As the co-author of Flash For Dummies, I’m always looking for ways to do in PowerPoint the kind of animation that you can do in Flash. Flash has more sophisticated animation tools, but you can often create surprisingly good results in PowerPoint.
This animation was inspired by Nancy Duarte’s book, slide:ology. In Chapter 9, Creating Movement, she shows an animation of a bouncing ball. She doesn’t explain the details of how to create it, although she provides some hints, so I had to come up with this myself.
The animation has four parts:
1. A curve motion path to bring the ball onto the slide and down to the ground.
2. A Grow/Shrink animation, set to Vertical only, to shrink the ball to an oval as it hits the ground.
3. Another Grow/Shrink animation, also Vertical, to return the ball to a circle.
4. A curve motion path to bounce the ball off the slide.
Watch the bouncing ball!
Follow these steps:
1. Set the background to anything you want. You could use an image to create a background for the ball.
2. Draw a rectangle at the bottom of the slide. Right-click and choose Format AutoShape (Format Shape, in 2007). Remove the line around it and change the fill color as desired.
3. Draw a circle and in the same way, remove its line and change the fill color.
4. Drag the circle off top left corner of the slide. Reduce the zoom of the slide to make this easier.
5. Select the circle and choose Slide Show> Custom Animation. (In 2007, choose Animations tab> Custom Animation.)
6. Choose Add Effect> Motion Paths> Draw Custom Path> Curve. Draw a curve from the middle of the ball to just above the bottom rectangle, about 1/3 of the way from the left side of the slide. You’ll probably need to adjust the ending point later, so don’t worry about the exact point.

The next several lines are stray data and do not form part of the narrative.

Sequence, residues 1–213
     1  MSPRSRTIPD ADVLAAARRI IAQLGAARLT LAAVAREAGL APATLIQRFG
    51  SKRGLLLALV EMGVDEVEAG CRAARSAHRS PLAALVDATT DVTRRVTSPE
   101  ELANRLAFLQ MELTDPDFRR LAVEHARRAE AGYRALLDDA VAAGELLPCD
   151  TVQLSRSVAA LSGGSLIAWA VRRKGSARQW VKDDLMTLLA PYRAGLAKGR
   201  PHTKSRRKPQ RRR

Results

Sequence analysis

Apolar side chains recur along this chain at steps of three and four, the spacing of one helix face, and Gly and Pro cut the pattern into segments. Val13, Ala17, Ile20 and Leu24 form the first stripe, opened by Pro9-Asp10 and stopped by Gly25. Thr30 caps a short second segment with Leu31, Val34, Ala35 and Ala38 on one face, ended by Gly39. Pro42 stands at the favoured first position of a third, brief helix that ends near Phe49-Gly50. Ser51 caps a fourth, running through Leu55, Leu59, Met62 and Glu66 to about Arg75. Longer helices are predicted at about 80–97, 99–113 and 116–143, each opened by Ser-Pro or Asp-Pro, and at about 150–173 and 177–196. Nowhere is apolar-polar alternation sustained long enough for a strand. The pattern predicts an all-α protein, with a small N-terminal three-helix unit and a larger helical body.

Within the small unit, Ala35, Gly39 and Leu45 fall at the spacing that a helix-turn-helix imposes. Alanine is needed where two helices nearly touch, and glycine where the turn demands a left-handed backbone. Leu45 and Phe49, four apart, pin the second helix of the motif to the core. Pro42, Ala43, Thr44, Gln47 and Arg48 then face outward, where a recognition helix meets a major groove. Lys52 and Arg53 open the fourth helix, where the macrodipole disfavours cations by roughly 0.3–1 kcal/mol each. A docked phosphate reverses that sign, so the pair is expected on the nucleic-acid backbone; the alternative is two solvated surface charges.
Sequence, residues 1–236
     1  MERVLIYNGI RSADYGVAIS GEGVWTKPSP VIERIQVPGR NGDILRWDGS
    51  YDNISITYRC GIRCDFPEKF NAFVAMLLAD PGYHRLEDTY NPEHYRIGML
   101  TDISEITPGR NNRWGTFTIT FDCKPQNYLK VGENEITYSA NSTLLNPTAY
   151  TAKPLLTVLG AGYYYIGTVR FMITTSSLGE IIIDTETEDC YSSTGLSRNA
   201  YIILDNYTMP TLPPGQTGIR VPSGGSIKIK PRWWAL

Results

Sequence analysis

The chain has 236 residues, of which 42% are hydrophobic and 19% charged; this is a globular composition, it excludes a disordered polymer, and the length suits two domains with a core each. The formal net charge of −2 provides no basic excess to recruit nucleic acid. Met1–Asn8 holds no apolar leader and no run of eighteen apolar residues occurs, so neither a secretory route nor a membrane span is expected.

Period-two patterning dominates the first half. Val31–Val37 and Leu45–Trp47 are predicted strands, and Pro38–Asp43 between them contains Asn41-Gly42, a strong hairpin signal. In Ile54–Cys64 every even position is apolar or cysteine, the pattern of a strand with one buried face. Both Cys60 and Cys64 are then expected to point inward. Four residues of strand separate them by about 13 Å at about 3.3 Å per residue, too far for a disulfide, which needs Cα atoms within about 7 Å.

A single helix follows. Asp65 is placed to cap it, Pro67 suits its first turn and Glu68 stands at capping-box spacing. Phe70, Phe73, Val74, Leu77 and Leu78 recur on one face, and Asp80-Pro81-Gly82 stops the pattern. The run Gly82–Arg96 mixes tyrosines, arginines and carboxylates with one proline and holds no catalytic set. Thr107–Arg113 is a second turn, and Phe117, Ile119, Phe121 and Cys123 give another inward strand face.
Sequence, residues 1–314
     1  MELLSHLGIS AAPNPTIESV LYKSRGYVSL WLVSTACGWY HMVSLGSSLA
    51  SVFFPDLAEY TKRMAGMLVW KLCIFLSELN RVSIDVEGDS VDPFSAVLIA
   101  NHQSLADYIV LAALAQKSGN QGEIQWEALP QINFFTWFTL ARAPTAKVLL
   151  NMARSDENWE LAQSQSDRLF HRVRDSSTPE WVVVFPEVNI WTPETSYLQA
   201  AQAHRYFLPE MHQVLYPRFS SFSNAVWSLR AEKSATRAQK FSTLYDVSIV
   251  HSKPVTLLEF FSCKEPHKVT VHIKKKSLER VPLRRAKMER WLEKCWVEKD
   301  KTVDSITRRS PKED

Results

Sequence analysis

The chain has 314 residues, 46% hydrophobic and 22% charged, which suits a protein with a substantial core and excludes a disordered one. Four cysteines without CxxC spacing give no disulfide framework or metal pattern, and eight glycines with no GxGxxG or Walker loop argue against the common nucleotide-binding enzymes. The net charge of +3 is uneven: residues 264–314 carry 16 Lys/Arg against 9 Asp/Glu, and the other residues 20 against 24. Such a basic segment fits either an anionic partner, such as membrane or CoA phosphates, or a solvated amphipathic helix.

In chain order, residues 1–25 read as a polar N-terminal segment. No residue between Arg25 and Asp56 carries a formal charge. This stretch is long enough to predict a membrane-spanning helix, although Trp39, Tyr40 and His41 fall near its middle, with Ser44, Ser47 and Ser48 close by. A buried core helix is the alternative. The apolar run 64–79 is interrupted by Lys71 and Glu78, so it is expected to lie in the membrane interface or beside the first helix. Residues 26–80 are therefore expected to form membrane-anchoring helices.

7. The ball needs to “squish” as it hits the ground. With the circle selected, choose Add Effect> Emphasis> Grow/Shrink. If this animation isn’t on the list, choose More Effects to find it. From the Start drop-down list, choose With Previous. (You’ll change the timing slightly later.) From the Size drop-down list, choose Vertical. From the same Size drop-down list, enter 75% in the Custom text box. Set the Start to With Previous.
8. The ball now needs to “unsquish” as it leaves the ground. With the circle selected, choose Add Effect> Emphasis> Grow/Shrink. From the Start drop-down list, choose After Previous. From the Size drop-down list, choose Vertical. From the same Size drop-down list, enter 133.33% in the Custom text box. (You have to get back from 75 to 100. 75 time what = 100? or 75x = 100. Solving for x, you get 1.333, which is 133.33%. You always knew that your high school algebra would be good for something, didn’t you?)
Note: If you choose Effect Options from the first Grow/Shrink animation’s drop-down list, you’ll see an Auto-Reverse check box in the dialog box. This reverses the animation and will make the oval return to a circle. However, I found that this didn’t give me the control I needed over the timing, so I didn’t use it.
9. With the circle selected, choose Add Effect> Motion Path> Curve. Draw a curve off the right side of the slide, not as high as before. As Nancy Duarte notes in her book, “the height of the arc is shorter on exit due to energy lost from impact.” In the Start box, choose With Previous.
10. Click the Play button in the Custom Animation task pane and see how it looks. You’ll probably notice some problems. If it doesn’t look right, set the Speed of all of the animations to Slow. This will help you troubleshoot. For example, the Vertical Shrink shrinks the circle from its middle and you’ll usually need to make some adjustments to get the ball to appear to hit the ground, yet not go below it. Then select the first curve and move it up or down, or stretch it by dragging on a bottom handle, until you get the result you want. You may need to adjust the second motion path curve’s start point as well.
11. You’ll notice that the Shrink effect starts too soon, before the ball hits the ground. Yet you want it to end at the same time as the first motion path. To fix this, select the Shrink effect, and choose Timing from its drop-down list. In the dialog box, set a delay. I used 0.5 seconds.
Tip: You can also choose Show Advanced Timeline from the Shrink effect’s drop-down list, and drag the left side of the timeline bar to the right. This delays the start of the effect.
12. When the animation looks good, change the speed of the two motion paths to Fast and the two Grow/Shrink effects to Very Fast.
Download the presentation.